Her name is Umuhoza which is Kinyarwanda meaning ‘Comforter’. Ironically though, the experience the young woman and her family have passed through in life has not been exactly comforting to her. For one, she is a refugee and that in itself is a huge discomfort. Her education too, from primary to secondary school, has been marred by a great deal of unbearable challenges. There was a time that Umuhoza gave up all hope and believed that she could never make it. Worse still, Umuhoza’s family are living in a setting where there are restrictions barring refugees from getting employed or running a business and this makes it extremely difficult for them to survive because it limits their sources of financial income.
When Umuhoza’s parents landed in Malawi in 2005 at Luwani Refugee Camp as asylum seekers from Rwanda, they thought they would find a safe haven.
They were wrong.
Actually, they had just fallen from the frying pan straight into the fire. Firstly, they were welcomed by a surprising discovery that refugees are not allowed to work. And when within a few months the savings Umuhoza’s parents brought with them soon ran out, the real struggle began. In pursuit of other means of survival, the family moved out of the camp to the nearest village where they opened up a small shop to earn money. That is where they made another startling discovery that refugees are not allowed to move out of the camp or run businesses. The family soon found out that they were not welcome and became the target of random harassment by some locals.
Umuhoza’s parents were also frequently arrested until they were forced back into the refugee camp.
Five years later refugees from Luwani camp were transferred to Dzaleka refugee camp and Umuhoza and her family unfortunately found themselves facing an even more difficult life in the new camp. Since her parents were jobless and had no other means of supporting the family, Umuhoza’s education was drastically affected.
“I struggled with a lot,” She explained “It was really tough for my mother and father to support us fully and put me through school. My mother used to sell small packets of charcoal to earn money. That was the only source of money for the family.” At that time, Umuhoza was in secondary school but she disclosed that she feared that her education, if she at all managed to complete secondary level, would end at that level.
“My main concern was the realization that there was no way I could possibly continue to college because my parents did not have the capacity to support me through university.” She reflected, adding that she knew that she had a very thin chance of making it to college. The thought that she would not be able to reach college threatened Umuhoza’s passion for community development. Her life in refugee camps exposed her to a difficult world where the youths encounter hurdles in uplifting their social livelihoods. Umuhoza revealed that she has seen refugee youths engaging in illicit and dangerous behavior to survive. Her big vision was to help bring sanity to this situation by championing a cause which would help these young people change their lives.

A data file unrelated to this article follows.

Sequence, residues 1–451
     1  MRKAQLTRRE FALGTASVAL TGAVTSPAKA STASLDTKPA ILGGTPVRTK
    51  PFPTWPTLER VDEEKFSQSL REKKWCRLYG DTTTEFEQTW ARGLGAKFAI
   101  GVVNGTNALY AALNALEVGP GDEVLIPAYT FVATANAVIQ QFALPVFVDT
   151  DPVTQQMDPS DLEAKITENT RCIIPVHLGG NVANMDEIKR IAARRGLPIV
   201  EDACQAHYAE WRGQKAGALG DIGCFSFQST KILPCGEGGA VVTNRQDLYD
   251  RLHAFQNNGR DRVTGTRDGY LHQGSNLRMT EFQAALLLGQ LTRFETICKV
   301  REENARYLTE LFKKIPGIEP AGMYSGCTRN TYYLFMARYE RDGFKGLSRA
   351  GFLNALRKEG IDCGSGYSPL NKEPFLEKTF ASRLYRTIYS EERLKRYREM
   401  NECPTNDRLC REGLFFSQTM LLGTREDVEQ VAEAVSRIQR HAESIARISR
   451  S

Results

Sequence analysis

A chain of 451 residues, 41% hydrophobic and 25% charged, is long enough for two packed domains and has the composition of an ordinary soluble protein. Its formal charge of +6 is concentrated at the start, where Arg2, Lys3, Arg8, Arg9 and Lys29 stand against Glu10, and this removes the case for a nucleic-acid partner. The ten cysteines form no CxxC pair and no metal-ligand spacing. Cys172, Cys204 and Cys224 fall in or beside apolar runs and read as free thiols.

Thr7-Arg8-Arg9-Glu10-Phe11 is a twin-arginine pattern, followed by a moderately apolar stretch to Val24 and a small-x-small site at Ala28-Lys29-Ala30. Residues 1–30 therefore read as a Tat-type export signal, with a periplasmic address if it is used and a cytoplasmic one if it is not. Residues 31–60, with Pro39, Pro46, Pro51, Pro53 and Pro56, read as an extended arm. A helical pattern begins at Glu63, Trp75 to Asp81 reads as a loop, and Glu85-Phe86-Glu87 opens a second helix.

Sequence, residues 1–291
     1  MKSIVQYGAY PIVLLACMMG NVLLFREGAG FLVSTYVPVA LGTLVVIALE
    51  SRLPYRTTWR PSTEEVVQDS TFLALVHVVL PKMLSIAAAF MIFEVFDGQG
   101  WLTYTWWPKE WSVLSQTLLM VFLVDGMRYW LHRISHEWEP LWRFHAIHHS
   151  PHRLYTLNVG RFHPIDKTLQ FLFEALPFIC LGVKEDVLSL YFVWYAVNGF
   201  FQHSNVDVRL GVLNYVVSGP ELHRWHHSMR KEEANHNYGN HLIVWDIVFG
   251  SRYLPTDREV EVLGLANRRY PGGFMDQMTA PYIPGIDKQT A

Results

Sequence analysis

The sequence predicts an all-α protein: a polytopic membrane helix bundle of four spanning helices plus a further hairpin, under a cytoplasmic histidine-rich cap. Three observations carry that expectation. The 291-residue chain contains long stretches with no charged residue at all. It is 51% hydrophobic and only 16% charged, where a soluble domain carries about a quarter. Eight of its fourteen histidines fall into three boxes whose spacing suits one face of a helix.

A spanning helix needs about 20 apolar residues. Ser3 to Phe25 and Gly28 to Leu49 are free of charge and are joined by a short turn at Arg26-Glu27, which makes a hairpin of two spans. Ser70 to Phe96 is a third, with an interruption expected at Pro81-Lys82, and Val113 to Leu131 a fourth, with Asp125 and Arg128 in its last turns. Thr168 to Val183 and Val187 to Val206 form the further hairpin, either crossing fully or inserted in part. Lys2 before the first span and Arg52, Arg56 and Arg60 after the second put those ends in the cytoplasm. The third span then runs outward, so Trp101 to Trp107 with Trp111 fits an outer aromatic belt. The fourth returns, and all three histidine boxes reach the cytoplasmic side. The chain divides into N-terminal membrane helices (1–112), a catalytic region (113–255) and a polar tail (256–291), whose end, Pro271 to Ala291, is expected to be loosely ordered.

However, with the lack of financial support, Umuhoza’s dreams were at risk. When she completed her secondary school education, she tried seeking for a scholarship opportunity at one of the organizations that offer such scholarships but she was deeply disappointed when she got no response.
“I felt let down and almost betrayed. That was the only organization that provided education scholarships to refugees and it was my only chance of getting to college.” Umuhoza recalled. She felt her hope dead, her vision shattered and her dreams ruined. She needed a way to reach her aspirations and the way out was a college scholarship.
In 2017 she finally found the way out. Umuhoza, through a friend, got wind of the news that we have a university scholarship programme which offers scholarships to both refugees and Malawians. This year, she was selected as one of the 16 scholarship awardees of the programme.
The scholarship saw Umuhoza enrolling for a degree in Social Work at a private university. The vision she had hoped to achieve is now taking shape. Most importantly, the course she has enrolled in is exactly what she had been hoping to pursue. From broken dreams and shattered future, Umuhoza is now one of the refugees in Malawi privileged enough to attain a degree of their choice. In her own words…
“I consider this scholarship something of value because my parents are not in a position to send me to college. They just cannot.” Umuhoza said. Thus, begins her journey to college, a journey that a year ago she barely believed would happen.